Disclaimer: I am a professional librarian, but the views expressed are solely my own, and in no way represent the official views of my employer or of any committee or group of which I am part.

What did you think of this book?

Review of A Promised Land, by Barack Obama

A Promised Land

by Barack Obama
read by the Author

Random House Audio, 2020. 29 hours, 10 minutes.
Review written January 20, 2024, from a library eaudiobook.
Starred Review

Okay, when I heard about this book, I preordered my own copy — and then, with one thing and another, I never did get the big fat book read. So finally, after finishing my Morris Award reading, I placed a hold on the eaudiobook version. I enjoy listening to Barack Obama speak anyway — the president who spoke in full, articulate sentences.

There isn’t anyone out there who doesn’t have an opinion of Barack Obama. If you already hate him, you won’t want to read this book anyway. If you’re a fan, let me encourage you that it’s well worth reading. Let me tell you about what you’ll find here.

Yes, it’s long. It covers from his start in Illinois politics to the point in his first term as president when the Seal Team killed Osama bin Laden. Yes, he goes into great detail — but a lot of that is to give attention to the many people who helped along the way. He gives the stories of probably hundreds of other people he met along the way who influenced his thinking or whose stories touched his heart, as well as the stories and qualifications of many people who worked with him — from the butler at the White House to his chief of staff. He appreciates the people around him and gives them credit for all the ways they helped.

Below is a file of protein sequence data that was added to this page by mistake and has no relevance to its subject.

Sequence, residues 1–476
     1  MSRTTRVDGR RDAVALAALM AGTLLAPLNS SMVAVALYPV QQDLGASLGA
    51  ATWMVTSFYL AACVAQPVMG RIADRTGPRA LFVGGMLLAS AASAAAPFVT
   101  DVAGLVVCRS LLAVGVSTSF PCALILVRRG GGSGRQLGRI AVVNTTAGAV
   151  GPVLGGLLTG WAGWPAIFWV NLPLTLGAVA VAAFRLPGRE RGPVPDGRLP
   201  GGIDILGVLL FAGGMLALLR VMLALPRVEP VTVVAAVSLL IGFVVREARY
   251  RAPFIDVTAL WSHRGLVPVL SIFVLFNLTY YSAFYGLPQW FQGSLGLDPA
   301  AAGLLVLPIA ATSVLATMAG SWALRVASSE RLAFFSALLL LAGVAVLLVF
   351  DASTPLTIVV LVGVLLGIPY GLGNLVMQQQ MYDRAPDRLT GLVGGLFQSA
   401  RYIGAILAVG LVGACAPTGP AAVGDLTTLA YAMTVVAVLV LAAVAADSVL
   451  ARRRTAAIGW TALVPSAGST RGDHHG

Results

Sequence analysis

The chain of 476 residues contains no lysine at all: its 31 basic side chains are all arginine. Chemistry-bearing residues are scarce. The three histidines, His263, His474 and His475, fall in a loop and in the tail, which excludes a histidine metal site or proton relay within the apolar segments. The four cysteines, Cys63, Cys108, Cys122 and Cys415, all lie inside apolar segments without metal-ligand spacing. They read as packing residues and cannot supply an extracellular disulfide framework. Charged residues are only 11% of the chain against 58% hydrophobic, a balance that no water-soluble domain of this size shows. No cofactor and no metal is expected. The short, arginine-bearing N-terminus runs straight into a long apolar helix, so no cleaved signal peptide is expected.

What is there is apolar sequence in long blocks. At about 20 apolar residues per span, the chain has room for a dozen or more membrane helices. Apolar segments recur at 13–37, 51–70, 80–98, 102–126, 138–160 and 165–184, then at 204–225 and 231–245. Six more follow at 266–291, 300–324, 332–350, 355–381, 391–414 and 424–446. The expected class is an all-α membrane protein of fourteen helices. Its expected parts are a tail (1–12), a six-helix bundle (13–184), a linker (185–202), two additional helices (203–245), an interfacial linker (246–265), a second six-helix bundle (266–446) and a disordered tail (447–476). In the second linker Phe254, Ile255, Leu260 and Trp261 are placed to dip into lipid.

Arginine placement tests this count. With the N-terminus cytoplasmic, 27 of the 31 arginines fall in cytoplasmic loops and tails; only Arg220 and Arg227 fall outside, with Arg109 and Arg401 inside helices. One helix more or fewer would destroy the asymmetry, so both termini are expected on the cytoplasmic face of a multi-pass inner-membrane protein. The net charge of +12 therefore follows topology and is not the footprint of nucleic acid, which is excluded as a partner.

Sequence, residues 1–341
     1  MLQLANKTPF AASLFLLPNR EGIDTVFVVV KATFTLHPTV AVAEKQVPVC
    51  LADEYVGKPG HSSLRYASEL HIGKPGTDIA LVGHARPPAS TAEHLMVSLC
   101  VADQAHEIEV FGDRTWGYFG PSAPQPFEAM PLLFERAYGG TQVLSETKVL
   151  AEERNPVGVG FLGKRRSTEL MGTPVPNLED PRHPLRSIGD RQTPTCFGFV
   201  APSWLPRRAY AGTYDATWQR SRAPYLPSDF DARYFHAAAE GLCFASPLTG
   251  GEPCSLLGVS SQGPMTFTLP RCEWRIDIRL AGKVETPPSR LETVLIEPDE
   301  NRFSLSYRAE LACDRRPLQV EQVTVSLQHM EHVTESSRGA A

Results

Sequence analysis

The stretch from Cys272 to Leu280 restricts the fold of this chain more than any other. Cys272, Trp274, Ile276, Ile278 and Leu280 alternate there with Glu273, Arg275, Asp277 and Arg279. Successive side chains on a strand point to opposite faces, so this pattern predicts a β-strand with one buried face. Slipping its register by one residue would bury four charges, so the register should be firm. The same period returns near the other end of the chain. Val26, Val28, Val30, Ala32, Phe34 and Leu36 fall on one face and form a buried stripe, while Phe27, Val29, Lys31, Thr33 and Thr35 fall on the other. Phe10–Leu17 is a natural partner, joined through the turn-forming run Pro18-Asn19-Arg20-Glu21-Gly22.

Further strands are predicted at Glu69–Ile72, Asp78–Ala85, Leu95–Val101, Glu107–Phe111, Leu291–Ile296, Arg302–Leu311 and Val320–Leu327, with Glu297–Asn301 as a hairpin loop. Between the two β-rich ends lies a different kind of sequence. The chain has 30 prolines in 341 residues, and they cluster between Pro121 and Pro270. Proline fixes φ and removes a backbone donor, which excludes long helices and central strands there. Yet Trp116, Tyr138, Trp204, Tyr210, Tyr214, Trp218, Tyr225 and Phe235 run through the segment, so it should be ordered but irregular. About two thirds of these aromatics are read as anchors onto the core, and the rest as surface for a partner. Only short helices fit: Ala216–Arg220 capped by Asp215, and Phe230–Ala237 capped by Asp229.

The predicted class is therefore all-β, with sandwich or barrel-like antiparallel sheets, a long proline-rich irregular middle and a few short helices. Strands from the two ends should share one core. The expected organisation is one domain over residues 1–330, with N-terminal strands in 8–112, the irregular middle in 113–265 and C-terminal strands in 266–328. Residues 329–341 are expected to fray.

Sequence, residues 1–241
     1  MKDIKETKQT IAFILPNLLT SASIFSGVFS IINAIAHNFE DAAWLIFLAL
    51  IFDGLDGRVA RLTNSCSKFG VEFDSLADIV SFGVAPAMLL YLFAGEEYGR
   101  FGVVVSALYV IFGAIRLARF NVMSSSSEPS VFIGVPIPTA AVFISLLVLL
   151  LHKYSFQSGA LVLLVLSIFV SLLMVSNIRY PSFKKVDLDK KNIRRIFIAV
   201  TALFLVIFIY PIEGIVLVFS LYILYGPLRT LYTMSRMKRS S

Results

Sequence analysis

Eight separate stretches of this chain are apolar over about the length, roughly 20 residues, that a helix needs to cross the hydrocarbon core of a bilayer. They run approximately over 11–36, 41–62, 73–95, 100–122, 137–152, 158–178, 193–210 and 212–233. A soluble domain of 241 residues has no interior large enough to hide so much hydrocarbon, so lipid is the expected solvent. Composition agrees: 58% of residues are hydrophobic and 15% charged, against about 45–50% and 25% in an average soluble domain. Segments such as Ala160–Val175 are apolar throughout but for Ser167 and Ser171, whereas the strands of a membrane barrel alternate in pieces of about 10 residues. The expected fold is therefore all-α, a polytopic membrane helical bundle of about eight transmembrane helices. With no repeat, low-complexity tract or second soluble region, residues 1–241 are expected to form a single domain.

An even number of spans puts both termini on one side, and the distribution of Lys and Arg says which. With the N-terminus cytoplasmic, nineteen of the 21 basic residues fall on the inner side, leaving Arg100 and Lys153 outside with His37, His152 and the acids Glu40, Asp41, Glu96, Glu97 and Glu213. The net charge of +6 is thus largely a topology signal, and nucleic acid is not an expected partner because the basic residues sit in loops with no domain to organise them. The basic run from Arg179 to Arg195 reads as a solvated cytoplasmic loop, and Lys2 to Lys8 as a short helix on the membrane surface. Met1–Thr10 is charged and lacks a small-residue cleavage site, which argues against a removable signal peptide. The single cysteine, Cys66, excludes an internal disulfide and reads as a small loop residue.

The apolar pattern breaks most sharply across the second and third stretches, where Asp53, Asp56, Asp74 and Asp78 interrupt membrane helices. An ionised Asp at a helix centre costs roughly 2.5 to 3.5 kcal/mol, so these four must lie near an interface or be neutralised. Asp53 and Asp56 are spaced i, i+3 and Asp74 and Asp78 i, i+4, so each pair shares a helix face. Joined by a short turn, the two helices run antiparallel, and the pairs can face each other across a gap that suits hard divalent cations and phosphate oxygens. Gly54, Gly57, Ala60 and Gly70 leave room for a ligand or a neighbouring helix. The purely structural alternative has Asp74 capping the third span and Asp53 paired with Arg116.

Some ways I appreciate Barack Obama anew after reading this book:

He doesn’t blame others for his mistakes. That was an attitude he tried to build into his White House from the start. He gives others credit for good things, but doesn’t blame others for bad things. Yes, he talks about many situations where he had to give up some things he wanted in order to get bills passed. But he took responsibility for the decisions he made.

He genuinely wants to help people have better lives. I got the same impression from reading Elizabeth Warren’s book and Katie Porter’s book. It’s not something you can fake when you write a whole book. That was exactly why it hurt him to have to compromise to get some bills passed, but ultimately, he wanted to bring some people some help instead of bringing nobody perfect help. It struck me that Ronald Reagan did the whole country a disservice when he mocked the line “I’m from the government; I’m here to help.” Because if government isn’t here to help people, then what is government for? Obama talks about how as a community organizer, he talked with people who were struggling after a factory shut down, or people who weren’t able to pay for the healthcare that would save their lives. And he went into politics because he wanted to be able to do something about the systemic problems that caused that.